the stadium.

I

FREE DRINKS
for
NORTH CAMPUS??
YOU BET FROM

-Daily-Terry McCarthy
AWESOME DEFENSIVE TACKLE Tony Smith (74) gets his mitts high in the air to knock down a pass
in yesterday's scrimmage in Michigan Stadium. Smith's defensive unit was outshone by the offense,
however, led by the running of Harry Banks and Ed Shuttlesworth.

DRAW WITH CHICAGO

Petitioning Now Open For
V.A.C. 1971 all
Events Committee

Ruggers tie twice

(formerly Homecoming)
Tentative Positions:

Transportation
Publicity
Floats
Treasurer
Graphics

Secretary
Parade
Tickets
Special Events
Alumni Relations

I

By CHUCK DRUKIS
Special To The Daily
The Michigan ruggers battled to
two indecisive ties against the Uni-
versity of Chicago at Stagg Field
in Chicago yesterday afternoon.
The Michigan Blue fought to a 0-0
tie in the first game while the
Gold ended in an 8-8 standoff.
The Blue team, found an evenly
matched opponent after three easy
wins. Chicago, playing the first
game of their spring schedule had
an outstanding defense to stifle the
Michigan attack.
Michigan, having suffered several
injuries during the past week's
practice, and juggling several
players between the Gold and Blue
teams, never managed an ade-
quate offensive drive.
In the first half, Michigan had its
best scoring opportunity. Within
several yards of the goal, Michi-
gan lost the ball on the pass in,
and Chicago recovered and kicked
it downfield.
Michigan also missed two free
kicks after offside calls against
Chicago.
Chicago almost scored on a loose
ball on the four yard line, but the
Blue scrum charged through to
kick the ball down field.
Chicago missed its best chance

to win the game when it failed to
make a 25-yard free kick with only
five minutes to go in the game.
The Blue had been called for off-
sides, but a sudden breeze pushed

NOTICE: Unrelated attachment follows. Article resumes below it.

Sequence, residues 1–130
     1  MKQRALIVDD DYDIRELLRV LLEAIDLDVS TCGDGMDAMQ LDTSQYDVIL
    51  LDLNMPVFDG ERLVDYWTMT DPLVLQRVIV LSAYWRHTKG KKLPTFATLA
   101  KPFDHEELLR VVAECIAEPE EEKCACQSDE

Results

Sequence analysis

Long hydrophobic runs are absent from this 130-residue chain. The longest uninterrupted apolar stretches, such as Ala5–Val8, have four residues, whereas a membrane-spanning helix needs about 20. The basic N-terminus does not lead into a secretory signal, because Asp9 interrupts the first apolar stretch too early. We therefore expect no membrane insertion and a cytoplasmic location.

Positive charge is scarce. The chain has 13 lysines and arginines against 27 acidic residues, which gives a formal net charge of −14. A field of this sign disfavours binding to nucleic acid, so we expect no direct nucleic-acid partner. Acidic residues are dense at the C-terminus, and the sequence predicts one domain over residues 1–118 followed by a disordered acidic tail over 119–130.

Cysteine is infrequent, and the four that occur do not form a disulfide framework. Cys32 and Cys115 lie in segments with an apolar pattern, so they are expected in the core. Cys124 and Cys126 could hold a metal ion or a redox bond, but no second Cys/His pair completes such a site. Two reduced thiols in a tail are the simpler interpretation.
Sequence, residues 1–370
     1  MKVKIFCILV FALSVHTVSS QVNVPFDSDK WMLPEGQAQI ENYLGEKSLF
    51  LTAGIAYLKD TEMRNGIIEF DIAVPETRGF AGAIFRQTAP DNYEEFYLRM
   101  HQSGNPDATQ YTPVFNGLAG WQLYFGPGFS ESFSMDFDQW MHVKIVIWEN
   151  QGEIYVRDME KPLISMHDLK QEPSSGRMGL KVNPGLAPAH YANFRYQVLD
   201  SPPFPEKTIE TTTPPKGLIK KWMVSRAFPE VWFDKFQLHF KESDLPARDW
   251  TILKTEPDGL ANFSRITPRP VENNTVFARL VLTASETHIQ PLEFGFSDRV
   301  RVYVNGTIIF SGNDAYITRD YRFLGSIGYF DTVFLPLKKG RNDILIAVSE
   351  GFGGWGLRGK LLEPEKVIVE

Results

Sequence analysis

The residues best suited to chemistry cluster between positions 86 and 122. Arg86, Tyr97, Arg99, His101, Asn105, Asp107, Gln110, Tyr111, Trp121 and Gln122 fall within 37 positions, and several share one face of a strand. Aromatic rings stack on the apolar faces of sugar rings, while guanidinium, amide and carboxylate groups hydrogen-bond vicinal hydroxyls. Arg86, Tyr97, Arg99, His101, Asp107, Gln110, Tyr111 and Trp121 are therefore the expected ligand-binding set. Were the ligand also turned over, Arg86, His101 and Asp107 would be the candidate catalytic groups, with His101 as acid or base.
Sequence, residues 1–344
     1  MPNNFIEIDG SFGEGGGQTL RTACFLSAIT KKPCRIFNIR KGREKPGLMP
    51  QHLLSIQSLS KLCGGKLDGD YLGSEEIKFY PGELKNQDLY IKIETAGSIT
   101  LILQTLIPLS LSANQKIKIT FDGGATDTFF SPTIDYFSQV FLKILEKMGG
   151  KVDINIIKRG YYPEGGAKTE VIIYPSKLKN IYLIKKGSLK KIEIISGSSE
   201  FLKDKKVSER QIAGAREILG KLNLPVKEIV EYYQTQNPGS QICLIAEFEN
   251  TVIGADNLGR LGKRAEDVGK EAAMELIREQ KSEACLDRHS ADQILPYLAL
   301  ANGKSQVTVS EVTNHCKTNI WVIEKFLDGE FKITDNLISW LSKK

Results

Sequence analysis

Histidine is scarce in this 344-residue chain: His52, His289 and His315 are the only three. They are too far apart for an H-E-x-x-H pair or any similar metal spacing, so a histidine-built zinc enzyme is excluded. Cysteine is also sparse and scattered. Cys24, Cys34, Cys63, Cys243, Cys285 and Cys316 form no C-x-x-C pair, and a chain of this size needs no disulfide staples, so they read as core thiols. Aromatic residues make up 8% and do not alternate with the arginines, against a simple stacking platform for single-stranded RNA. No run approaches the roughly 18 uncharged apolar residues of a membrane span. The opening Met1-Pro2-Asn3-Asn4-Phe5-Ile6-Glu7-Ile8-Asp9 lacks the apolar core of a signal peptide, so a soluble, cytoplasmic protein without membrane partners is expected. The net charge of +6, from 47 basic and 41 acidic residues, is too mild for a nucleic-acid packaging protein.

the ball to the right of the g( al
posts.
Ross Vickers anchored the rug-
gers' defense by returning numer-
ous kicks to stop Chicago's scoring
threats. In four games thu3 far,
there have been no tries scored
against Vickers.
Captain Terry Larrimer said,
"We just never got the breaks. I
was satisfied with our defensive
hitting. Defensively the backs did
a good job. But offensively our
backs were always at poor angles."
Freshman John Bohlke, play-
ing in his first rugby game, scored
two trys to lead the Gold Squad to
an 8-8 tie with the Chicago B team.
Bohlke scored halfway through
the first half and Steve Chapman
converted to give Michigan a 5-0
lead. Chicago came back a few
minutes later to tie the score 5-5
at halftime.
With little time remaining, Tom
Sermack of Michigan, grabbed a
loose ball and passed to Bohlke
who ran across for his second try.
The conversion missed, ending the
game in an 8-8 tie.

Pick up petitions and sign up for interviews
at UAC offices, second floor Union

I.

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NORRIS,
ATTO
DEMOCRAT-
to CITY C
Born in Laurel, Mississippi; un
College in Mississippi; received
honors in 1967; received J.D. fi
School in May, 1970; presently
tenaw County Legal Aid Societ